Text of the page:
Another concern revolves around ETF creation and redemption.  I’ve gathered from many posts and comments that there is a misunderstanding about the role of Authorized Participants who facilitate trading in SLV through the creation of new shares when demand is high.  Creating new shares does not expose existing SLV shareholders to some new mysterious risk.  During the creation process, the AP exchanges physical silver for new shares, which are issued by Bank of New York Mellon (SLV’s trustee) on behalf of BlackRock Asset Management International Inc. (the trust’s sponsor).  SLV’s trustee and custodian ensure proper receipt of the silver before new SLV shares are released.

I recognize we live in a skeptical time, especially following the events of 2008, and it’s smart to question whether your investments are doing what you think they should be doing.  One of our key tenets here at iShares is transparency, which means we make every effort to educate potential investors on how each ETF works and what it holds.  In the case of SLV, it’s a very straightforward answer: silver.

iShares Silver Trust (the “Silver Trust”) has filed a registration statement (including a prospectus) with the SEC for the offering to which this communication relates. Before you invest, you should read the prospectus and other documents the Silver Trust has filed with the SEC for more complete information about the issuer and this offering. You may get these documents for free by visiting www.iShares.com or EDGAR on the SEC website at www.sec.gov. Alternatively, the Silver Trust will arrange to send you the prospectus if you request it by calling toll-free 1-800-474-2737.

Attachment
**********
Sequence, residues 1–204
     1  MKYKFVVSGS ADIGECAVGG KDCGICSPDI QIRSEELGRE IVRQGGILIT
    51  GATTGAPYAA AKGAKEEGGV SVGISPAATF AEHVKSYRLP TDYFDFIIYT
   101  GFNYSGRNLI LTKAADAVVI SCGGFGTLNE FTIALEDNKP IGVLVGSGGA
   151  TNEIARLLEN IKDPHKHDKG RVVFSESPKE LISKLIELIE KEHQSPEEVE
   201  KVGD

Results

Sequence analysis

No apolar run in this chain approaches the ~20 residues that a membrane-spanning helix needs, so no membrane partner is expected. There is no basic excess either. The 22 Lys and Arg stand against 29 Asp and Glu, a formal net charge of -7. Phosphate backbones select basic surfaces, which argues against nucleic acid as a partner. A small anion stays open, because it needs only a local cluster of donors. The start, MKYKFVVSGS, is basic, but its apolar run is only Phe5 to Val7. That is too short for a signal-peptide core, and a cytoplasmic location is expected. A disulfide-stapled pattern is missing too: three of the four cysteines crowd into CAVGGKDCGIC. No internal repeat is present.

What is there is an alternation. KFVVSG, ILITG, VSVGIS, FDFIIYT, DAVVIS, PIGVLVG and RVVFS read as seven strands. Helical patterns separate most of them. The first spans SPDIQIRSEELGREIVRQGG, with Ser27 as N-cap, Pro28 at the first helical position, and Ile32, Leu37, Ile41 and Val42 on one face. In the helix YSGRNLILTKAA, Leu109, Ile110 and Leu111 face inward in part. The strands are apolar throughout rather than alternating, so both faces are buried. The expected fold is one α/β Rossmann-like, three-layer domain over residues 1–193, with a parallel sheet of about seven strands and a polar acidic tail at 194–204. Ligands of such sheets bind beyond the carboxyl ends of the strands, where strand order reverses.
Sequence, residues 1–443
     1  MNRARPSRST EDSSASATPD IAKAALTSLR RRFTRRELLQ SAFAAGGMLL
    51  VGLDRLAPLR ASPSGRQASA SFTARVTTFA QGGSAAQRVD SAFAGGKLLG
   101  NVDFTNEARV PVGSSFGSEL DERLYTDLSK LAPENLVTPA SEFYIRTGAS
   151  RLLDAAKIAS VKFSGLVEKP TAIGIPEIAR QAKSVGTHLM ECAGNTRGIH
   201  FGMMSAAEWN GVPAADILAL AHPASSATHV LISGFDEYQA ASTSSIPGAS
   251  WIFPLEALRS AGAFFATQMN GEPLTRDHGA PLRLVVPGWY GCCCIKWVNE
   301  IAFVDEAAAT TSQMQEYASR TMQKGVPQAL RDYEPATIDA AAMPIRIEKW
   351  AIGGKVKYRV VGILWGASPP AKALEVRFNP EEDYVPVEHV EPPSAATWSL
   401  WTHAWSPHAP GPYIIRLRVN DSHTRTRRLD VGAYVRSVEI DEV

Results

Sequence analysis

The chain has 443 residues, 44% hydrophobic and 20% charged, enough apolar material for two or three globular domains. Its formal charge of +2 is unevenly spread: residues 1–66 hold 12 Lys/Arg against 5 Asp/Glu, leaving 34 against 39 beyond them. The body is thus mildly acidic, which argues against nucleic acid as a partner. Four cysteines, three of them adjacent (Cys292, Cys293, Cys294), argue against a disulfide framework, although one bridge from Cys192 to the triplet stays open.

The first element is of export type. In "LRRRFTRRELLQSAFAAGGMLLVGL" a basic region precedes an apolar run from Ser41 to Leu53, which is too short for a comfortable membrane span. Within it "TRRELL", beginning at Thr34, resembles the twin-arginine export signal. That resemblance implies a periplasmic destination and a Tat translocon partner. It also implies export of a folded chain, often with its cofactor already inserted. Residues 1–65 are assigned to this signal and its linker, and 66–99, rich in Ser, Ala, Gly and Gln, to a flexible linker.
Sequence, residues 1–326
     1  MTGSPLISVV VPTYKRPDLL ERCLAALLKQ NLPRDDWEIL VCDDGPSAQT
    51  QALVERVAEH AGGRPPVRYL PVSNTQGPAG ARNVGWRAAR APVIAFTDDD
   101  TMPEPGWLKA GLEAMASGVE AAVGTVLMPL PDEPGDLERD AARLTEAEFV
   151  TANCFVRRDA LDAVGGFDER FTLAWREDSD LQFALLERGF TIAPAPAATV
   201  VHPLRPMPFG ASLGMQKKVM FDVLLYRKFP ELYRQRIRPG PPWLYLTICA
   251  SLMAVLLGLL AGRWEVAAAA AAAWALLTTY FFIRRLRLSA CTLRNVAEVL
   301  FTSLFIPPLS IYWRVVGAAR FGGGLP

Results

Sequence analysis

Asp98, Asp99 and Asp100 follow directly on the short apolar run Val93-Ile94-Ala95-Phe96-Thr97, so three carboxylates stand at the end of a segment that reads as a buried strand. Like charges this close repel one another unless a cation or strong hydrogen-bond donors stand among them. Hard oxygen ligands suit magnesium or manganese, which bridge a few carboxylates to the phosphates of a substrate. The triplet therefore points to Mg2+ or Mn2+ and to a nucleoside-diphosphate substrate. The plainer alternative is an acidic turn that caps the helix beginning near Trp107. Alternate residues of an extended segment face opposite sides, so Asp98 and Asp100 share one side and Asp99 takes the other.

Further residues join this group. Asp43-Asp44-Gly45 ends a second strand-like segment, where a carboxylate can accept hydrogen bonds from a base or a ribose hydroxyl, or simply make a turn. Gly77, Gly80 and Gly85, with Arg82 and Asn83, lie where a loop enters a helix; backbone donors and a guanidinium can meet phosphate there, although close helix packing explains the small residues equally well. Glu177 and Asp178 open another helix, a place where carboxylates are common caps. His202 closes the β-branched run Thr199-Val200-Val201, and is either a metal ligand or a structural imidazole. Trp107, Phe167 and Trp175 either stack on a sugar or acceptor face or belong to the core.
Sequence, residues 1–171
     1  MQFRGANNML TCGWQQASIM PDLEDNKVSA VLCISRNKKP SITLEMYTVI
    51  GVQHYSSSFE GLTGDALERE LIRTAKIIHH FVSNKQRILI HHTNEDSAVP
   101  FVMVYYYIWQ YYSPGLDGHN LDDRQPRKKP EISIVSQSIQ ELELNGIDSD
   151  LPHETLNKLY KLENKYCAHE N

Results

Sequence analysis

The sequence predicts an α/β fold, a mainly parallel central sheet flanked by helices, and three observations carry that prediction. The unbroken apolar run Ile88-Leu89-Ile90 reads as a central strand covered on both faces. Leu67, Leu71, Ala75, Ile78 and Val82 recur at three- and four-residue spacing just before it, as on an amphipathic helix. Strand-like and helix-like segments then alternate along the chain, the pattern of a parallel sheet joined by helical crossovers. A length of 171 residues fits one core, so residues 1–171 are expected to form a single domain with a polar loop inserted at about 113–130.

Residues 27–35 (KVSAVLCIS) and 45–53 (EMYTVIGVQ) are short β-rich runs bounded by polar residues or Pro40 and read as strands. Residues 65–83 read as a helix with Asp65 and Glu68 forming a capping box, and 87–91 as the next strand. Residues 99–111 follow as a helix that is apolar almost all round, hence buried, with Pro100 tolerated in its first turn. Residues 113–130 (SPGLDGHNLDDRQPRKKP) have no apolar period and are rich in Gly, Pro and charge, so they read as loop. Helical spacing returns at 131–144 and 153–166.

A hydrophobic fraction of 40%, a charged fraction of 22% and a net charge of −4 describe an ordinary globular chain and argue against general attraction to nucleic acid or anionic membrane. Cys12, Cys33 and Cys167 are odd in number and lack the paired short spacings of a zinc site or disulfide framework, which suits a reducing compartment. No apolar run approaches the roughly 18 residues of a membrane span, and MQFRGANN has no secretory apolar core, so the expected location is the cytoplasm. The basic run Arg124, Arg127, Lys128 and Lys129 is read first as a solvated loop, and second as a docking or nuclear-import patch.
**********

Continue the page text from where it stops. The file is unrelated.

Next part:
Investing involves risk, including possible loss of principal. The iShares Silver Trust is not an investment company registered under the Investment Company Act of 1940 or a commodity pool for purposes of the Commodity Exchange Act.  Shares of the Silver Trust are not subject to the same regulatory requirements as mutual funds. Because shares of the iShares Silver Trust are expected to reflect the price of the silver held by the Silver Trust, the market price of the shares will be as unpredictable as the price of silver has historically been.  Additionally, shares of the Silver Trust are bought and sold at market price (not NAV). Brokerage commissions will reduce returns.

Shares of the Silver Trust are created to reflect, at any given time, the market price of silver owned by the trust at that time less the trust’s expenses and liabilities. The price received upon the sale of shares of the Silver Trust, which trade at market price, may be more or less than the value of the silver represented by them. If an investor sells the shares at a time when no active market for them exists, such lack of an active market will most likely adversely affect the price received for the shares. For a more complete discussion of risk factors relative to the Silver Trust, carefully read the prospectus.